Overall, this was the simplest of the open-source transit tools to actually get up and running. There’s already a deployed instance of the server, and you can easily download the phone app via the Play Store. Even running the server by yourself didn’t have any of the hiccups I had with GTFS Editor.
The phone app is actually quite simple. It allows you to capture a trip, which will record your GPS coordinates as you ride public transit. It also allows you to mark points of the trip where you stop and also how long the stop took. Lastly, it allows you to record embarking and disembarking passengers which is potentially useful for ridership data.
After doing a capture session, you can review the data on the phone. It will plot out the route on a map, with markers for the stops. You then either delete the data if it looks wrong, or you can upload it to the Transit Wand server. Uploading involves registering an account, but it’s free and you don’t even actually need to put in a username or anything. It simply registers the phone’s IMEI on the server and gives you a 6-digit identifier.
You can then use the 6-digit identifier to view the data on Transit Wand’s server, which is good since uploading any data automatically deletes it from the phone. There really isn’t much else you can do with it though. It just allows you to view the data, and export it as a Shapefile.
As is, this is purely a data collection client-server app. Barring looking at the database, there is no way to get a list of phones which have collected data. Only the person who initiated the data collection knows the 6-digit code to view their data. There’s also no way to extract the ridership information from the server yet. This isn’t to say that the data won’t eventually go public though.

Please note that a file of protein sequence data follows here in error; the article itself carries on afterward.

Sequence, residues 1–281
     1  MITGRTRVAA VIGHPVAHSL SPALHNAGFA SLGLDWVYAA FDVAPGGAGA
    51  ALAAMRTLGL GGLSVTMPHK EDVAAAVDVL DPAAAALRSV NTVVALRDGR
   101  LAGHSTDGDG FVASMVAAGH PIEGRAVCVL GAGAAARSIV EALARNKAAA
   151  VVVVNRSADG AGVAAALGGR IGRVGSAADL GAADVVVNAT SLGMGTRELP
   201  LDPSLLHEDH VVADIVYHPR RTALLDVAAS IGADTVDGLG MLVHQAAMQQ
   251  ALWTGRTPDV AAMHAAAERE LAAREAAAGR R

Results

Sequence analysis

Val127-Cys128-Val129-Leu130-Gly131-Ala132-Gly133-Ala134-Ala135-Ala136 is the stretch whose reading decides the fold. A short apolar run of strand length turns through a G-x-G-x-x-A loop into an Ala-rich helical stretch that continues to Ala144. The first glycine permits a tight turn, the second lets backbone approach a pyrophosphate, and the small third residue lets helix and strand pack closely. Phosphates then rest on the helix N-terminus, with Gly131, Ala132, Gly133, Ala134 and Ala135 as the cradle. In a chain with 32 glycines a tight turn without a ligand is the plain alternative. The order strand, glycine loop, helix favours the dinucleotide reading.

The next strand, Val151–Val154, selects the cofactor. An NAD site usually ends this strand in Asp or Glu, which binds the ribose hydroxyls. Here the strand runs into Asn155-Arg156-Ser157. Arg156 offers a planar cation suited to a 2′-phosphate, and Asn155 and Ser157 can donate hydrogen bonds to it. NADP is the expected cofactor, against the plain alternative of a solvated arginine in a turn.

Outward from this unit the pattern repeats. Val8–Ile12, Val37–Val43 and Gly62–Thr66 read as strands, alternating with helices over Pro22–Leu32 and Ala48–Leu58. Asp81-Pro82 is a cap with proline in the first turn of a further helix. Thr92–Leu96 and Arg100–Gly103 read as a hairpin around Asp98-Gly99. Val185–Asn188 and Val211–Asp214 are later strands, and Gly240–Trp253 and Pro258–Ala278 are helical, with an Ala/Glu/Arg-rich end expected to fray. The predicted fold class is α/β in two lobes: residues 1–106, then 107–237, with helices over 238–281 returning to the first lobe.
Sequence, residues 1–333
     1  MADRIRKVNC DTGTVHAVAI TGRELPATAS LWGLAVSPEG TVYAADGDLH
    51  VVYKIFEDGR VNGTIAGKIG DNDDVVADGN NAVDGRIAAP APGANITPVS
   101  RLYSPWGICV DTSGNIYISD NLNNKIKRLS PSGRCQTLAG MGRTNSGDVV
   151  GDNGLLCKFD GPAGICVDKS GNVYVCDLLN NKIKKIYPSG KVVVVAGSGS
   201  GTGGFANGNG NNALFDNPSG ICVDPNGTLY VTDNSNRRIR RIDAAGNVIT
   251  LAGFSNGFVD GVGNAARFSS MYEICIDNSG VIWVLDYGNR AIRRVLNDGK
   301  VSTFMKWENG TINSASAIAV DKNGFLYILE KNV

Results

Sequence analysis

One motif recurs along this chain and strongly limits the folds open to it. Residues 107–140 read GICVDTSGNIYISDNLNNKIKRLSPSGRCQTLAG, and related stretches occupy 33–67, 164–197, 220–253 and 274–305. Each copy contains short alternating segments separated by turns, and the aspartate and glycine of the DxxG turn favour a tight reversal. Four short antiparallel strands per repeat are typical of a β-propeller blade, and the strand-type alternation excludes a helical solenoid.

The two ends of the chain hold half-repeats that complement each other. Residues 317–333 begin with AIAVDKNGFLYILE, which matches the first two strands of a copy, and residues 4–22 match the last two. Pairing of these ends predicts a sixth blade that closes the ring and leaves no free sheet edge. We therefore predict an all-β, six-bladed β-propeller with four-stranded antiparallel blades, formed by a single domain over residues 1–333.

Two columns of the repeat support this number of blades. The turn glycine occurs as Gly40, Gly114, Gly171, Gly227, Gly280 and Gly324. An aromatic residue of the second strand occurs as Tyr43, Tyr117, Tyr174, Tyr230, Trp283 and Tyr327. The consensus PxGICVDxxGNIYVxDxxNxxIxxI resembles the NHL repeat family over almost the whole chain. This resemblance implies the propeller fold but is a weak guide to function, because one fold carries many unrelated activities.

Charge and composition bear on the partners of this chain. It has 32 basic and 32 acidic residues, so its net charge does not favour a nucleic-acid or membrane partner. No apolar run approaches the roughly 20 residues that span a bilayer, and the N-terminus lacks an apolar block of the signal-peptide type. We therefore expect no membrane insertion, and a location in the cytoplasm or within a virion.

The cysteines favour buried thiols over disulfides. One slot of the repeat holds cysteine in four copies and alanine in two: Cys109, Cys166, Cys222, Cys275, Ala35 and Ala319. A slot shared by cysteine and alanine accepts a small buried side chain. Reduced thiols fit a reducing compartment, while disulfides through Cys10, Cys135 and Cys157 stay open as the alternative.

An interesting thing you can do with the Transit Wand data is import it into GTFS Editor to make a new route. You don’t even have to manually download and upload the data. Just type in your 6-digit identifier and it will give you a list of routes you’ve captured via Transit Wand. This is wonderful as you get all the stop data, as well as the shape of the route.
I imagine these two tools were how the DOTC came up with all the GTFS data we have now. What I don’t understand is why the shape data isn’t present. Importing from Transit Wand already gets you shape data. There are even facilities to edit the shape within the editor if clean up is necessary. The only problem I saw was the fact that you can’t easily move stops, you have to input coordinates to change the position.
It might also be possible that when the DOTC was still collecting the data, the route collection or editing features weren’t present yet. That would just be lame and depressing though.
Overall, Transit Wand does what it’s supposed to do. You collect data, and then upload it to a server. There is a lot of room for improvement though. It would be nice to have a better API that allows access to more of the data. Building in analysis tools for the ridership data might also be a welcome thing. I imagine it would also be great if you could encourage people to use the app and upload their own trips.